Wednesday, January 25, 2012

Statement of the Union

I'm just going to begin with my main thought: this was one of President Obama's strongest speeches. The militaristic metaphors, nationalist statements, and firm tone portrayed him as a strong leader and demonstrated a president who (at least on the surface) is confident that he has a winning message. Three quick things that really struck me:

1) Veiled micro-targeting in a very broad, universalist speech.

President Obama clearly understands that if he is to win in November, he needs the support of his base. When he moved to the more "policy-focused" section of his speech, he began by speaking to the working class Americans--who have traditionally supported the Democrats--by calling for a reinvestment in American manufacturing and training programs for the unemployed. He then moved to teachers, saying that they need help, should not be forced to teach to a test, and should not be the scapegoats for what many people see as an underperforming educational system (trust me--as the son of a teacher, this is a big deal). He spoke to college students by promising to lower loan payments and increase work-study programs. He spoke to Latinos by calling for the passage of the DREAM Act. He spoke to women by calling for equal pay and the end of gender discrimination in the workplace. He spoke to Jews with his promise of "ironclad commitment--and I mean ironclad commitment--to Israel's security." This was a rally-the-base speech designed to not sound super campaigny.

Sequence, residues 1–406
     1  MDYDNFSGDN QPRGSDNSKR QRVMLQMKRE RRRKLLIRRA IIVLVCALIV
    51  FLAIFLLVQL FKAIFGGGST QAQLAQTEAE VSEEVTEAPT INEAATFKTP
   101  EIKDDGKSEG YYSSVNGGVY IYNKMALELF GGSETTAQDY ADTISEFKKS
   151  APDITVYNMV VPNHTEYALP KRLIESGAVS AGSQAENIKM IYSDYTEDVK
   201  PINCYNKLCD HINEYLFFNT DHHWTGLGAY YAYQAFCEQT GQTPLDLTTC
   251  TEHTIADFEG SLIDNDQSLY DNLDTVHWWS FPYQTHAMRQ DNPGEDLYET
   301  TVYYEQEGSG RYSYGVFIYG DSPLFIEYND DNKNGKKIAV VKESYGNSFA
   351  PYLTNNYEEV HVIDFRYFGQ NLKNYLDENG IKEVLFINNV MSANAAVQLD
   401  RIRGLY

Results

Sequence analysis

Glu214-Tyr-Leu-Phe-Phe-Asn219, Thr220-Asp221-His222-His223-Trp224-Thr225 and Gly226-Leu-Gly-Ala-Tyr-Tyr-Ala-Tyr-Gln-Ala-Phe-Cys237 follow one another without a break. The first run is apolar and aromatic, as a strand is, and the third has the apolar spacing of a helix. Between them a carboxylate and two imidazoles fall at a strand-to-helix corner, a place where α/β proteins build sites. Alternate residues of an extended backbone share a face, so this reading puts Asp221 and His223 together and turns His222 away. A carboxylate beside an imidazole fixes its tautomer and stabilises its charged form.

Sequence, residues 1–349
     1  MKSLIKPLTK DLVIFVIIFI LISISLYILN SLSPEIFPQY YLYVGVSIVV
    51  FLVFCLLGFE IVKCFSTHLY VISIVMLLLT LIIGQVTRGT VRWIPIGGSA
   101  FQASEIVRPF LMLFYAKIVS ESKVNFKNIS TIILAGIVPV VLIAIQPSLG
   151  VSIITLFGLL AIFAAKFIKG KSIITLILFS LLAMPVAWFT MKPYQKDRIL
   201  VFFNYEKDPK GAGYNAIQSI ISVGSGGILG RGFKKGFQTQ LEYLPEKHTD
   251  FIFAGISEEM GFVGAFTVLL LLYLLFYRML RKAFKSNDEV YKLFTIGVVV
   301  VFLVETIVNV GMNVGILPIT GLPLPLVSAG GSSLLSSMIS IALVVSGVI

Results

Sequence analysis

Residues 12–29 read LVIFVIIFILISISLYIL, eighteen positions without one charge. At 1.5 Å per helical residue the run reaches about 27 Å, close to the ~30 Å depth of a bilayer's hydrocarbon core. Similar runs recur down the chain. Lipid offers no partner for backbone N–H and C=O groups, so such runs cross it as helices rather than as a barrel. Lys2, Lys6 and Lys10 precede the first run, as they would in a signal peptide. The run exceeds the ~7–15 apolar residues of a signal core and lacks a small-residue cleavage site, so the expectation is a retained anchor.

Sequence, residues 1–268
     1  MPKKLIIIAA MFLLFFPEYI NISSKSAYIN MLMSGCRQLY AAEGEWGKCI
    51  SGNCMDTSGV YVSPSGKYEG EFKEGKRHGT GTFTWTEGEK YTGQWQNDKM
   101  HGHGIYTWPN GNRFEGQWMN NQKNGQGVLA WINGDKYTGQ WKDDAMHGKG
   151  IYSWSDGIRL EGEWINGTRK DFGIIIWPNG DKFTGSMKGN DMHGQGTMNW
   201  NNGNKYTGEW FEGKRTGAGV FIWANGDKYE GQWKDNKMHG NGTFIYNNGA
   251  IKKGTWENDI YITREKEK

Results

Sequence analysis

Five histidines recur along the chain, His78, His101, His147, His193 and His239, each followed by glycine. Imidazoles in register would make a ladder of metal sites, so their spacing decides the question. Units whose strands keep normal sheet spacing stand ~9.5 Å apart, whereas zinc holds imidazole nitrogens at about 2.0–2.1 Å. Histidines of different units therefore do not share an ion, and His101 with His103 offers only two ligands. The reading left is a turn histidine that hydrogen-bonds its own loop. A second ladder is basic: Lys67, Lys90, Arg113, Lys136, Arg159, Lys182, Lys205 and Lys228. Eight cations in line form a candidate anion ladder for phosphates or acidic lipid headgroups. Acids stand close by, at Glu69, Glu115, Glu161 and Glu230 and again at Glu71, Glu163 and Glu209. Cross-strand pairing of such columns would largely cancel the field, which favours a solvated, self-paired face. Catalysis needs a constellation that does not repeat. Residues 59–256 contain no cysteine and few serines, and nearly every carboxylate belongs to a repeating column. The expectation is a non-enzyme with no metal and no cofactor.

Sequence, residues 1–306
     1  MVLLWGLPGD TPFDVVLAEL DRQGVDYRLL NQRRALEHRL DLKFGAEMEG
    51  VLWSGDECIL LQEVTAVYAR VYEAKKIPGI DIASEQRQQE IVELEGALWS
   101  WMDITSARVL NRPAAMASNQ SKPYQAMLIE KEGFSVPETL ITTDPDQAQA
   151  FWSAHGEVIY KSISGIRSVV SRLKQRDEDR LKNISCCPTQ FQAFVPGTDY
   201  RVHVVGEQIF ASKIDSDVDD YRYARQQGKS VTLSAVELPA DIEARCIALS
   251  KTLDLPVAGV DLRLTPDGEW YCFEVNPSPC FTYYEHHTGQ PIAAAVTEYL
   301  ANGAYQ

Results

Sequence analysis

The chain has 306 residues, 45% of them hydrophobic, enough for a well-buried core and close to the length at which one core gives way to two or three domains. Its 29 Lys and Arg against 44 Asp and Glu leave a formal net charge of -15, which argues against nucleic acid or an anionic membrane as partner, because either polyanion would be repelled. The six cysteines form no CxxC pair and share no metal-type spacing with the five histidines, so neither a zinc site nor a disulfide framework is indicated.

2)  The Closing. It was an incredible metaphor. The full text is available here. Just read the last few paragraphs. His speech writer needs a raise for that one. Very impressive.

3) He finally gave a laundry list of accomplishments, communicating the successes of his administration effectively for the first time. A huge criticism (that Republicans are now beginning to feast on) of President Obama is that he hasn't done anything--except ObamaCare. GRRRR! The president began with accomplishments that have received universal support--ending the war in Iraq, killing Osama Bin Laden. But he also discussed financial regulations, health care, immigration, energy, and manufacturing policies his administration has been instrumental in passing. Put together, it sounds like a lot.

What did you all think of the speech? How big of a boost (or fall) will it net him?

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